Interesting statement there, since your mentor Dr. Richard Gardner, who created Parental Alienation Syndrome, was one of those people who refused to acknowledge that children were being physically and sexually abused with alarming frequency. He believed most allegations moms and children made of sexual abuse were false. He also claimed that 90% of his PAS caseload was mothers. People who fought for children's welfare in the face of abuse were ridiculed as being "child savers" who were delusional. Fanatics. On a witch hunt. Demonizers. True believers. The same terms you are using to demean professionals and lay people who speak out against parental alienation and work to help abused mothers and children. Ironically, that's the same language used by the false-acc witchhunt sex abuser defense crowd.
More below the fold.
And I continue with my response to Richard Warshak's weak response to his critics. Warshak's statements are indented and in italics. Mine are in between.
Defending myself against such attacks feels a bit undignified. It seems an unnecessary waste of time, and gives currency to a few fanatics who attempt to alienate my audience from me using the same tactics that some parents use to alienate their children from the other parent. Some of these extremists have lost custody of their children in a ruling that seeks to protect the children from severe doses of divorce poison. Rather than recognize the rationale for the court's decision, these people believe that the judge either was biased or was foolishly taken in by the other parent's allegations.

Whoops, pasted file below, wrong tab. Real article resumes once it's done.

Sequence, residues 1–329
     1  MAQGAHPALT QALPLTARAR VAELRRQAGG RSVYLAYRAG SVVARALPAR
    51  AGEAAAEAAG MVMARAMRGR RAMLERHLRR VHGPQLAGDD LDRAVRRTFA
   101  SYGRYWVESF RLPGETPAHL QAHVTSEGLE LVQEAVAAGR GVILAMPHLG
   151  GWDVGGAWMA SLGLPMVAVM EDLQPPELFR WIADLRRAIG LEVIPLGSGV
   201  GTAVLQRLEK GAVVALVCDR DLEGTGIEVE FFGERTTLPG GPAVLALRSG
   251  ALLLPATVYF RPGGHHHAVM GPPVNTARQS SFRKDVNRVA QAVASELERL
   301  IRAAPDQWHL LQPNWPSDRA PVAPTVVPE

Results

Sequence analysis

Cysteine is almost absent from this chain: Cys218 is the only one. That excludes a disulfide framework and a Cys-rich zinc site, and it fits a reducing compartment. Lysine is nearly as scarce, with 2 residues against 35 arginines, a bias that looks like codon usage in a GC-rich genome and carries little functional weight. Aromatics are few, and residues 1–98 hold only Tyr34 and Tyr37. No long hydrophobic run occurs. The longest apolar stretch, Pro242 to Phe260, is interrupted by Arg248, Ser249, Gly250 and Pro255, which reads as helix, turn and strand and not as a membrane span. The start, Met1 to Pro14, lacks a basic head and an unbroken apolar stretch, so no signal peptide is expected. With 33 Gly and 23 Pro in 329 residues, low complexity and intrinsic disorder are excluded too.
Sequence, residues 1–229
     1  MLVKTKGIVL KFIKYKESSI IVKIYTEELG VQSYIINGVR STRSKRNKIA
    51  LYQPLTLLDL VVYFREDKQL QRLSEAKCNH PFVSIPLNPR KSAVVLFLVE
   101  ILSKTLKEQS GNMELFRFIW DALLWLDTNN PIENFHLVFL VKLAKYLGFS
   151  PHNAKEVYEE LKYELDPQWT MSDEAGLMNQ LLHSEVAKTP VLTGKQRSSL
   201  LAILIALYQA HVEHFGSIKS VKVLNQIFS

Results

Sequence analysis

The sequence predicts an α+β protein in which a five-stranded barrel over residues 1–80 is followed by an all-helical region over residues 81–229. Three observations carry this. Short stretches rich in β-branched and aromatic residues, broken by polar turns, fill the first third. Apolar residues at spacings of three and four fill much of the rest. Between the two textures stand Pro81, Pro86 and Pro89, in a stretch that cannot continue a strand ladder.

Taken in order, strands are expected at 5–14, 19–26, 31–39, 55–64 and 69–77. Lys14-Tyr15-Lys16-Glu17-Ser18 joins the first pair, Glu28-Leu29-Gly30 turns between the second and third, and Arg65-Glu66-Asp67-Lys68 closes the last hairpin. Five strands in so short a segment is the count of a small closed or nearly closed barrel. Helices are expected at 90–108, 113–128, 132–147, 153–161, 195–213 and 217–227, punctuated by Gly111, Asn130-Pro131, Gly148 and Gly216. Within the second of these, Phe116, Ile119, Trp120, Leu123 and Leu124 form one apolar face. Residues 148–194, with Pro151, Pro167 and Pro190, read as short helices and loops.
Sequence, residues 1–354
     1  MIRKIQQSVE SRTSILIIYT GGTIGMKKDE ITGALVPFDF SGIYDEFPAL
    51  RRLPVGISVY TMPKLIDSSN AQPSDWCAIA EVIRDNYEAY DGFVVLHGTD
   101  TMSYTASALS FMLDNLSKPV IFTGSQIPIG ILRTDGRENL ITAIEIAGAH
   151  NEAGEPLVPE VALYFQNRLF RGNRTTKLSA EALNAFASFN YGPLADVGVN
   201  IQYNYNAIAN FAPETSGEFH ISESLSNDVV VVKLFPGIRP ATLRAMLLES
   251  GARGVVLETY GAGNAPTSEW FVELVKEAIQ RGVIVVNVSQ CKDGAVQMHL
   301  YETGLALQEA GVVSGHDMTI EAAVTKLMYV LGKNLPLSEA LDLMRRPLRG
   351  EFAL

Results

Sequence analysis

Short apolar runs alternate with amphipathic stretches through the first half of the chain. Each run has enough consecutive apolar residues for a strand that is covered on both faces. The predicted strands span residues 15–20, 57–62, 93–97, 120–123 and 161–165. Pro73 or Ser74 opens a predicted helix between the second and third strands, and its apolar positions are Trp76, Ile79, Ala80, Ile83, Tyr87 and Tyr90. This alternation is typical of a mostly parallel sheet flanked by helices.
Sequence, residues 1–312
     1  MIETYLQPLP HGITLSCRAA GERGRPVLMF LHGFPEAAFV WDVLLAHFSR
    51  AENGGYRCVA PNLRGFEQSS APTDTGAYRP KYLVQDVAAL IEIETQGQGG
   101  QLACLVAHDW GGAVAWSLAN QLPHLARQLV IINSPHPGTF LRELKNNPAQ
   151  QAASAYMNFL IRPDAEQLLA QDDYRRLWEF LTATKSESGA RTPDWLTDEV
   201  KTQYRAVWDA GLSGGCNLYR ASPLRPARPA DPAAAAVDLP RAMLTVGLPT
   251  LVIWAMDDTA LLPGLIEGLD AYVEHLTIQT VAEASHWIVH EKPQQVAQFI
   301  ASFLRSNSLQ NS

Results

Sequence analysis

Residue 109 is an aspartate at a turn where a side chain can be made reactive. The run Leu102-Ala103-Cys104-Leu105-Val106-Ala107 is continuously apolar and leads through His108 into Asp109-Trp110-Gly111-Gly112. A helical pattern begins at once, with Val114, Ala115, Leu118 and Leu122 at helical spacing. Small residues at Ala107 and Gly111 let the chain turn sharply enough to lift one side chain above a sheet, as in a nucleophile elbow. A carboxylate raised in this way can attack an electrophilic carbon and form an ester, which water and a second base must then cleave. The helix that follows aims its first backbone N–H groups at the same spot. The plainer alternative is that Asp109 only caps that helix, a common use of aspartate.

Smooth move, there. You just bashed and minimized abused women who criticized you. And you call yourself a friend of abused women!
Some of these people would have you believe that there is an epidemic of judges who take joy in placing children with parents who beat or sexually molest them. In fact, one website claims a conspiracy of Masonic judges who, in every family court across North America (I am not exaggerating), automatically give custody to pedophiliac fathers who in turn pimp their children to pedophiliac members of the Illuminati (the group profiled in Dan Brown's novel Angels & Demons). I am not kidding. . . . Nor are they.
Now that's a sleight-of-hand move! When I first read this paragraph I wondered what the hell was he talking about. I had to read it a couple of times to make sure I was reading it correctly. I'd never heard of any such thing. So I did a Google search. You found one - one - article by a woman and you try to paint all your critics as crazy fanatics. That article is not on a custody site. There is only one person I know of who believes all that, and she wasn't one of the people commenting on your HuffPost article. I know of only one other person who believes something similar to what you say, minus all the Masonic and Illuminati stuff. The domestic violence community at large doesn't believe any of that. But don't let those facts get in your way of painting all domestic violence critics of you and parental alienation with a broad brush.
As I say in the Afterword to the revised edition of my book, when my wife reads these vicious and absurd accounts, she shakes her head in disbelief at the raw animosity that greets the work I do on behalf of suffering families. She asks, "Don't they know that you've devoted your career to the welfare of children?" The many women I have helped through my writing, consultations, and courtroom testimony cannot understand what motivates the detractors, who claim to be advocates for women.
It's nice your wife supports you. That's what wives are supposed to do. It's also nice your have women who support you. However, your wife's support and the support of some women isn't what matters here. What experts have written about you and parental alienation does matter. See below: